StormBringer said:
Well, my immediate thought on this was that if uploading is illegal(and people actually obeyed the law) then there would be no copyrighted material to download, which would make the whole thing pretty pointless.(presuming that it is illegal to upload copyrighted material everywhere already)
MrGaribaldi said:
A point, but by doing it this way, you don't criminalize all the users of p2p networks how are downloading music now... In the USA, it's illegal to download mp3's, and just look at how many downloaders the RIAA is currently suing... This way, they'll have to think of other ways to go about their business... Yes, they can go after those who upload songs, but they can also see if there are other ways in which users of p2p networks can be swayed from downloading illegal music, to buying it online instead... Imo, it makes the industry have to think a bit more than they've had to so far, and that can only be a good thing in my book... (Though the result of those thoughts doesn't neccesarily need to be good :/)
MoRulez said:
From the article:"This is the opinion of the Copyright Board, but Canadian courts will decide this issue." This is simply what the board has concluded after doing their own research and the courts will decide what to decide, after all, that is what courts are for, to interprete and decide how the law will be implemented to society and if it is feasible to do so. If there are no clear law, then there will the amendments made.[quote]Canada is kind of crazy, it is legal to download music, and smoke and posess marijuana. I think there is something wrong with this picture, it seems Canada is going the wrong direction.[/quote] Poetner, Canada is not legally/illegally allowing downloading or uploading of copyrighted material (that is decided by the courts, not the industry) but I completly agree with you in the direction Canada is going. Hopefully things will be straightened out with Canada's new Prime Minister. But again, you can't smoke any amount of marijuna in any province. Only a couple of provinces allow smoking of marijuana in under a small ounce(not sure what the maximum legal amount is), and one of the provinces is Canada's largest (population-wise), Ontario.And the federal gov't is appealing the decision anyhow. This is what they decided, since the courts in Canada have more legal power than the politicians:"Justice Rogin agreed that the federal government had failed in its obligation to change the law to allow for medical use of marijuana, and so the entire law was void."([url]http://www.cannabisculture.com/articles/2958.htm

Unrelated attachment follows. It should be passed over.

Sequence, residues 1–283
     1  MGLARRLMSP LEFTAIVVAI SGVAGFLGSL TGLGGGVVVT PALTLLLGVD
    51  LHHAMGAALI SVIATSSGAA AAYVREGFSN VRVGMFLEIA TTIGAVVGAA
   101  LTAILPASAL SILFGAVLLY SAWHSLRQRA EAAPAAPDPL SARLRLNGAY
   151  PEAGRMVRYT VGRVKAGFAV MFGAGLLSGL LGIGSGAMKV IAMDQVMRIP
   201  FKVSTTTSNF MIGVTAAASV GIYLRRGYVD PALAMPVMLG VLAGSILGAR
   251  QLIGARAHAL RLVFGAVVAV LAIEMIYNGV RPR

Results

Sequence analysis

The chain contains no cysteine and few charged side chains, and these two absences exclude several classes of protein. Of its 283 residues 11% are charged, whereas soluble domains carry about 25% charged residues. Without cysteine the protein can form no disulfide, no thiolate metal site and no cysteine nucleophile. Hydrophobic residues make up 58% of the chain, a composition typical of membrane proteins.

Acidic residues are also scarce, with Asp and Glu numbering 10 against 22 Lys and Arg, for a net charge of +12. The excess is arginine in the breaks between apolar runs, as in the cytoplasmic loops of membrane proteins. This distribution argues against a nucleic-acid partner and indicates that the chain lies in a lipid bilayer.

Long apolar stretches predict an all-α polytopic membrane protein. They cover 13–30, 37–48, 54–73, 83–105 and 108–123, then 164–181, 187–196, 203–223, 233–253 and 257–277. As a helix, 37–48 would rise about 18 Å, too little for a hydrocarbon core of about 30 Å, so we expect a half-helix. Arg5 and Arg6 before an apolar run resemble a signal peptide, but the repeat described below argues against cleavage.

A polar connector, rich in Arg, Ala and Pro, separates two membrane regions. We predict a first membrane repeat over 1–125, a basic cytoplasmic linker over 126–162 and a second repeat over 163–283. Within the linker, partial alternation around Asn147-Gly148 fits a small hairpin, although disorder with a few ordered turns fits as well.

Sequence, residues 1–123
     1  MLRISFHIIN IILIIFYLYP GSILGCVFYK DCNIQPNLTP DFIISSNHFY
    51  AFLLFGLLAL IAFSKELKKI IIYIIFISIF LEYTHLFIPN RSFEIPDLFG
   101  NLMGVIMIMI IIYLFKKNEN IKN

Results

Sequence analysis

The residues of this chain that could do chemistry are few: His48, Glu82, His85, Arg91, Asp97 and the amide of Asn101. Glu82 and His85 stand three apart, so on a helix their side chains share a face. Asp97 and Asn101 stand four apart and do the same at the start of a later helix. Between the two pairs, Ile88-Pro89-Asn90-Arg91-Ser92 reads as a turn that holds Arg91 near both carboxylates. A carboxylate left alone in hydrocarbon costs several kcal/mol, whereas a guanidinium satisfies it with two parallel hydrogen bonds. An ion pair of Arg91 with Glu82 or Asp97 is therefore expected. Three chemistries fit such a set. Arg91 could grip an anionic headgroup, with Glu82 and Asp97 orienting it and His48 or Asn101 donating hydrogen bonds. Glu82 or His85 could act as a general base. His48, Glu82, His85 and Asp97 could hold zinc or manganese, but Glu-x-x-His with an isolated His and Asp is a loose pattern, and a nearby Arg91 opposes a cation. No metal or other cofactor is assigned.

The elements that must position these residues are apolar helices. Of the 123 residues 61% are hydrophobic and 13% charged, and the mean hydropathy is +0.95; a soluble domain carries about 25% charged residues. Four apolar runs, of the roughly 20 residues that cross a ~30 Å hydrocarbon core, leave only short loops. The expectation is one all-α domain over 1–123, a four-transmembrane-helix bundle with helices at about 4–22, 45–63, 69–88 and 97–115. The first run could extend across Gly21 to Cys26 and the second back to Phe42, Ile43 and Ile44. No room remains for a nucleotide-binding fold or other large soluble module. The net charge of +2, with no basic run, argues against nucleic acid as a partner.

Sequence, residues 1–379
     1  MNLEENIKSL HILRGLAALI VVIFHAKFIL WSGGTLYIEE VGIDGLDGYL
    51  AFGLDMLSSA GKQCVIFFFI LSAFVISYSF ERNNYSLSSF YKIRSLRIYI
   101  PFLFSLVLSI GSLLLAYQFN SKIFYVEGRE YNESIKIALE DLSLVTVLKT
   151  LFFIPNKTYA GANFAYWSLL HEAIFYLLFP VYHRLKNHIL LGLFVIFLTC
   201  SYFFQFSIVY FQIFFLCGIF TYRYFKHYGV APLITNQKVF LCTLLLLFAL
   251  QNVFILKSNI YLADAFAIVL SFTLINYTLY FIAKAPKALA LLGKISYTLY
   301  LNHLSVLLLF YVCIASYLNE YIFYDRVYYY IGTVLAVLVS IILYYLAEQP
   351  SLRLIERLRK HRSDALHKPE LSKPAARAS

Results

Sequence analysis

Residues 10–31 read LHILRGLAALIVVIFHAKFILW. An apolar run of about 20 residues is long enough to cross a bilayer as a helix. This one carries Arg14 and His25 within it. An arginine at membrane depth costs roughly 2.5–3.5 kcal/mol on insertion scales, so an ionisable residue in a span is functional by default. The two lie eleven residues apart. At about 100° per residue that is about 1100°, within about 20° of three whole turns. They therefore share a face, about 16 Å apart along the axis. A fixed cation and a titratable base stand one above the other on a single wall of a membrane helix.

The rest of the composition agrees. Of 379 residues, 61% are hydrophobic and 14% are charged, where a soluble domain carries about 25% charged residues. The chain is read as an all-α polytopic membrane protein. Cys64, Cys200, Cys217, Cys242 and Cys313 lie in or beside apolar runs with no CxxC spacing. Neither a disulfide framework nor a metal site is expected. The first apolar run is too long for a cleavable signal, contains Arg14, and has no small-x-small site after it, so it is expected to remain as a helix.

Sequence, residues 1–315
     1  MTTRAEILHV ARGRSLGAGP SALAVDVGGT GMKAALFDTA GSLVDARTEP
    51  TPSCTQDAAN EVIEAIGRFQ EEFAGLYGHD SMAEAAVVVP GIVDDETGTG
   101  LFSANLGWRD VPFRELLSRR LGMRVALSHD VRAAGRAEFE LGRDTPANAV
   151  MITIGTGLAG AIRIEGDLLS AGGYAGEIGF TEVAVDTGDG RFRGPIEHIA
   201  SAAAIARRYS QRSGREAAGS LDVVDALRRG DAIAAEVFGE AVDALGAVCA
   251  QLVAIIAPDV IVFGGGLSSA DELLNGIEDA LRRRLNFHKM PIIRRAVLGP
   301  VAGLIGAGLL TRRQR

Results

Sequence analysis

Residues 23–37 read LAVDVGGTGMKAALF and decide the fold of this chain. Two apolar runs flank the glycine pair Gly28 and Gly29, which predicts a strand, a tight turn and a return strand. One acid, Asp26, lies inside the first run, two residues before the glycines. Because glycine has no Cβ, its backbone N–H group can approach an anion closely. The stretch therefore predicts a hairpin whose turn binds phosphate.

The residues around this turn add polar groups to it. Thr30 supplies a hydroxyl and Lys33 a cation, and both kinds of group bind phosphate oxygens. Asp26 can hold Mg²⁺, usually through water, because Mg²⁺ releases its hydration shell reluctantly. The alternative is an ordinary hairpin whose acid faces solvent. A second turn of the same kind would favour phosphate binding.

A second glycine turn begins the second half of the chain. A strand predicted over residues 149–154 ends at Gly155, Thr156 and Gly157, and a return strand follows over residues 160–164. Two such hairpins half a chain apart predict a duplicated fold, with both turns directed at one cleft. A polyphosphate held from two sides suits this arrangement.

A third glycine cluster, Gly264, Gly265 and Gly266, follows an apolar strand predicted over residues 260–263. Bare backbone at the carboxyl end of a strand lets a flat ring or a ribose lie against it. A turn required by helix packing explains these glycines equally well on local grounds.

[/url])So it was more of a legal decision than an ethical one.But back to the file-sharing discussion, the board is saying that you can share your material (be it a study you created or otherwise) but downloading a file (who's origin can be pretty much anywhere in the world) is not permitted under the law. So essentially, the board is doing the world RIAx people a favour. They're saying if Canadian citizens want to share their files, go right ahead (just like the U.S. courts decided to make anal intercourse not illegal; the gov't has no business meddling in citizen's affairs.), be it an unprecedented study on the DNA of a cow or otherwise. But if Canadian citizens download anything off the 'net, then it is not permitted, becuase you are possibly (knowingly or not) downloading copyrighted material, which is not beneficial to th RIAA's cause. Now this is a perfectly fine decision for artists, since they want the world to hear/see/ smell etc. their stuff. And they don't neccessarially download tons of the latest Buffy the Vampire Slayer episodes. But in terms of the average p2p user, this leaves us scratching our heads.
SNGX1275 said:
Perhaps MoRulez you got your upload and download terms switched in 3 of your last 4 paragraphs.
MoRulez said:
Basically unless you're the average p2p user (who just downloads songs and movies or programs), you are fine with this statement from the board. Because if you are a company or organization that releases legit files, you're fine with this decision. Just becuase you use p2p networks, for whatever, doesn't mean you're some kid downloading pornography or downloading mp3s. P2P is used by all sorts of ppl.I understand that it's kind of a circular way of thinking (sharing files is equal to downloading files, etc...) but that's what the board figured after the research they did. Hopefullt the courts will clear this problem soon.
StormBringer said:
I still thing you're getting your facts twisted up a bit MoRulez. Maybe you need to read over the article again, as your statements seem backwards from what the article is saying.
werty316 said: